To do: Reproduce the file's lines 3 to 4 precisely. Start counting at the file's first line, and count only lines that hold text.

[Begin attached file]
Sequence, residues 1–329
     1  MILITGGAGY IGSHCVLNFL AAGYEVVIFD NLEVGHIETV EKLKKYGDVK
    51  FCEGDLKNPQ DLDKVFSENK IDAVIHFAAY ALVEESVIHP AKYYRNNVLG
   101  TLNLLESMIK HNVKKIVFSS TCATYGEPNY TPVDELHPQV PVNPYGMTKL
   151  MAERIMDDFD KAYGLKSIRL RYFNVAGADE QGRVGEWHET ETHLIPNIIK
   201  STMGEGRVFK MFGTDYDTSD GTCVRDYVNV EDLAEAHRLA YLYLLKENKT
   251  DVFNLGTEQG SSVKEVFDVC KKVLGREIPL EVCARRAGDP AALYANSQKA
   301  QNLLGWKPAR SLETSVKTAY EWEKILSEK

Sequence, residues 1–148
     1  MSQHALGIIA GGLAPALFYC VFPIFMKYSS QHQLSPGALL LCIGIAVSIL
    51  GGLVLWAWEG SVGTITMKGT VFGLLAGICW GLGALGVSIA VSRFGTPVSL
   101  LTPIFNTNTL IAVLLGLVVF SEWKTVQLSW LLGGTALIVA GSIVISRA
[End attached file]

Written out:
    51  FCEGDLKNPQ DLDKVFSENK IDAVIHFAAY ALVEESVIHP AKYYRNNVLG
   101  TLNLLESMIK HNVKKIVFSS TCATYGEPNY TPVDELHPQV PVNPYGMTKL